By Peter Nurse
Investing.com – European stock markets traded lower Wednesday as doubts about the speed of recovery from the Covid-19 pandemic weighed on sentiment even after healthy business activity data.
Europe is currently suffering from a third wave of the Covid-19 virus, with the Netherlands announcing late Tuesday that a nationwide curfew will be extended by three weeks until late April – joining the likes of Germany, France and Italy which have already tightened restrictive measures.
Part of the problem has been the relatively slow rollout of vaccines within the region, something that has prompted a spat between Britain and the European Union over the distribution of the drugs.
The European Union is set to extend Covid-19 vaccine export curbs to Britain and other areas with much higher vaccination rates, and to cover instances of companies backloading contracted supplies, EU officials said Wednesday.
Adding to the worries, confidence in the safety of AstraZeneca's (NASDAQ:AZN) vaccine took another hit Tuesday after a U.S. health agency said its trial may have included outdated information.
On a brighter note, German factory activity rose to a record high in March and the services sector expanded after five successive months of contractions, with the country’s preliminary composite PMI rising to a 37-month high of 56.8 from 51.1 the previous month.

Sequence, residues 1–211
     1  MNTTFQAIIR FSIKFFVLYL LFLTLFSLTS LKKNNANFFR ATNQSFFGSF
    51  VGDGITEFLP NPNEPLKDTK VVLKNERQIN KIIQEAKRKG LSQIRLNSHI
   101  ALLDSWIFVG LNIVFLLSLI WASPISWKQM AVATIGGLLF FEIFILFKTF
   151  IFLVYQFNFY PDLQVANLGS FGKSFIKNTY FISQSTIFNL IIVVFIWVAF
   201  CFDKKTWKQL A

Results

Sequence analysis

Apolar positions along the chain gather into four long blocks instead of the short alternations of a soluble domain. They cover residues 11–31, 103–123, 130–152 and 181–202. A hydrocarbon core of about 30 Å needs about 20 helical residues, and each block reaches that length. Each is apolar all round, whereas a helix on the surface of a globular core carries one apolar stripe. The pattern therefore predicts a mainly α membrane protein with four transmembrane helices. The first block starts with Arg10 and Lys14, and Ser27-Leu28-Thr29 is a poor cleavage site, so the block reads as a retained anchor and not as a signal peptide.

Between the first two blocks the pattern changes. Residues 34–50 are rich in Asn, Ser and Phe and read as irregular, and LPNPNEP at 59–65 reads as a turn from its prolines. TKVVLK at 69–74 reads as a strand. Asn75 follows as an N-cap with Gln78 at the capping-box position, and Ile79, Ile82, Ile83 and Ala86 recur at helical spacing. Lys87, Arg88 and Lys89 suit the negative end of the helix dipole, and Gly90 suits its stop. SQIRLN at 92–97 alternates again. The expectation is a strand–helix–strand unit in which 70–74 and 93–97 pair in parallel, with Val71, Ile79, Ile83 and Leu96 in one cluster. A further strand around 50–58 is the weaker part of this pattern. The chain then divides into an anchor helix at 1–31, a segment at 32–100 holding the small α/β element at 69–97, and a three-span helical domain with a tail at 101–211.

This suggests Europe's largest economy was shrugging off pandemic lockdowns, although the surveys were conducted before the latest restrictions.
French data also showed strong growth, although its composite PMI release climbed to 49.5 from 47.0, still in contraction territory.
Inflation data from the U.K. had earlier undershot, with February's CPI release climbing by just 0.4% on the year, versus the expected 0.8%, and by 0.1% on the month, versus 0.5% expected.
In the corporate sector, Carrefour (PA:CARR) stock rose 0.4% after the French retail giant announced plans to buy Brazilian food retailer Grupo BIG for around 1.1 billion euros ($1.3 billion).
Bellway (LON:BWY) stock fell 1.9% after the U.K.-based house builder put aside another 20 million pounds ($27 million) to cover recladding and other remediation works on its buildings, in the wake of the Grenfell Tower disaster.
Oil prices pushed higher Wednesday, steadying after the sharp losses of the previous session, but worries about a slow recovery to demand remain given the fresh lockdowns in Europe and a build in U.S. inventories limited gains.
U.S. crude stocks jumped by 2.9 million barrels last week, according to data from industry group the American Petroleum Institute. Official data from the Energy Information Administration are due later in the session.Leave a comment